Barns conversion project 2011 – 2013

We started the conversion of three dilapidated outbuildings in January 2011. The outbuildings were part of the former Ivy farm that had been dismembered over the past decades, its land and outbuildings sold in phases. Originally they were used for the storage and workings of the farm and then left to the weather to destroy. The roofs had suffered severe damage and the wood rotten. The date the barns were built is not certain, however they were depicted on the  1880 OS map and, in some form, on the 1840 Tithe map. The local craftsmen Kevin, Brian and Martin carried a thorough renovation of the barns, respecting the traditional character of the cornish cottage and bringing modern insulation concepts and a very good taste for details and high standard. At the end of February 2013 after just over two years the project was completed and the results of the transformation are outstanding.

The Glencoe Farm plot is in Treen village and bound on three sides by a trackway and road on the SE by gardens of nearby properties with Treen Methodist chapel on its NE corner.

Bleujenn Barn

Bleujenn barn external view before the renovation

Before it was given its current name, Barn number two was the most derelict of the outbuildings and probably the oldest as well, being already depicted on the map of Treen in 1840. It has a sub-rectangular shape. Originally used as an animal house, probably for calves and more recently converted into a workshop for the preparation of flowers to market and store. The roof had suffered severe slumping and cracking and part of the walls collapsed once we started its renovation. Many of the wooden beams were recycled from previous use in other buildings and in ships.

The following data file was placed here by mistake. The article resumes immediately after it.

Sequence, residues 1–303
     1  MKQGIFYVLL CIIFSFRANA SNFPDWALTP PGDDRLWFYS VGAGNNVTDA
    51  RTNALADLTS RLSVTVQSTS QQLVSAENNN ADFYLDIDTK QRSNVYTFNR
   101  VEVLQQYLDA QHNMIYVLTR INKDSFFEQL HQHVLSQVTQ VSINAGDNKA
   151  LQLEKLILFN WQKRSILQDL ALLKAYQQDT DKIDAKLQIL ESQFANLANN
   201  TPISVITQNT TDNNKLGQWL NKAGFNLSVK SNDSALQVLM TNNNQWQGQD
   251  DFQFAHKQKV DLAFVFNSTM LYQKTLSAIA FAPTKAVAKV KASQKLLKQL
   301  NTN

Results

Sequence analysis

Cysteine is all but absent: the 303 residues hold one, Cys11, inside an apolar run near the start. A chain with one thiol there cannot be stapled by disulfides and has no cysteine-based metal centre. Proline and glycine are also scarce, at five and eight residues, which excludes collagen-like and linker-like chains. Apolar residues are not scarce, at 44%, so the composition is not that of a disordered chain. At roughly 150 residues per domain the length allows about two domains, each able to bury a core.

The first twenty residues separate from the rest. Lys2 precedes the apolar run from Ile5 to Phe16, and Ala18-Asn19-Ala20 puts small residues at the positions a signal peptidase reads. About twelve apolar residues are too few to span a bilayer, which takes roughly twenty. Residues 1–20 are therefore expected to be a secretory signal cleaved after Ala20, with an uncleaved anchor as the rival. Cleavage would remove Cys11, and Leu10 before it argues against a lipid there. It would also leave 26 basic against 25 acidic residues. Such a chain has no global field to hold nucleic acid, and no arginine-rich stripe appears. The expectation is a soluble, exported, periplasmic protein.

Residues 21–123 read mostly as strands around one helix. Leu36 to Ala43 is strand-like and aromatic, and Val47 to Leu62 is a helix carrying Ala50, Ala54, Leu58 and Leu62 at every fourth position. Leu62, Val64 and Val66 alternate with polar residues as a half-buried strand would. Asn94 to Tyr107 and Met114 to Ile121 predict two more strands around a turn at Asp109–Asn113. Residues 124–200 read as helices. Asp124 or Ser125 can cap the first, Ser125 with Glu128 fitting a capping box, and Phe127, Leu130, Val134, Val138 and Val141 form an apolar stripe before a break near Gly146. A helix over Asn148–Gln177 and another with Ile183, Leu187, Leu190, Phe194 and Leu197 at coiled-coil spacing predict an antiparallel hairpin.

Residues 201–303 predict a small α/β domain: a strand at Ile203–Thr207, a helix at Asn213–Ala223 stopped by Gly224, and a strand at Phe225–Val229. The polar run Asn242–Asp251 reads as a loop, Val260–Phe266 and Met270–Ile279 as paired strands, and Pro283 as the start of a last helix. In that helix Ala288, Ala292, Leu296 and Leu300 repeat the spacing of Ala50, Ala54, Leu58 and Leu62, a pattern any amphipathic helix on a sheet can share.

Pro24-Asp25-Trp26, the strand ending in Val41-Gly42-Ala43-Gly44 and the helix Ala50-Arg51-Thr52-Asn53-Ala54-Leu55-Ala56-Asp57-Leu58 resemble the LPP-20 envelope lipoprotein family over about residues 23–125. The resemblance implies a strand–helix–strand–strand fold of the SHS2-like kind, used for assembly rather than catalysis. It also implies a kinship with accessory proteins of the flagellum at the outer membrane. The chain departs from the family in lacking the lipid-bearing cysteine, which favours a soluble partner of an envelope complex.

Bleujenn  exterior NW wall from SW Bleujenn exterior NW wall Bleujenn Room A interior SE wall Bleujenn roof  building
Exterior view from South West Exterior view from North West Interior before the kichen Roof tiling



Gwennel Barn


Gwennel exterior SW wall

Gwennel barn is a single-storey building with two interconnecting rooms forming an inverted L-shape plan. The barn had been built in several phases, before 1840 it consisted of a small square shaped building where the current bathroom stands.  Over the years further extensions were added to be finalised at ist current state betwen 1840 and 1880.  The evidence from archeological survey indicates that the bigger room was a stable, probaby for a pair of shire horses, used for working the land, and a cart shed and/or farm machinery shed. The function of the smaller room on the SE is uncertain, perhaps some sort of pigsy or store. The massive beam still in situe in the barn may have a mining or maritime origin.

Barn 3 Room B interior SE gable Barn 3 Room A interior SE corner builders 1 Boundary Wall NE side
Interior of Barn 3, with massive beam Interior of Barn 3, current bathroom Roof tiling Original boundary with big granite blocks




The little Barn “Kiji”

 Little barn Kiji before renovation Barn 1 interior SW gable Copper boiler in barn 1
Barn 1 esterior NW view Interior of Barn 1 prior restauration Original copper boiler used for the washing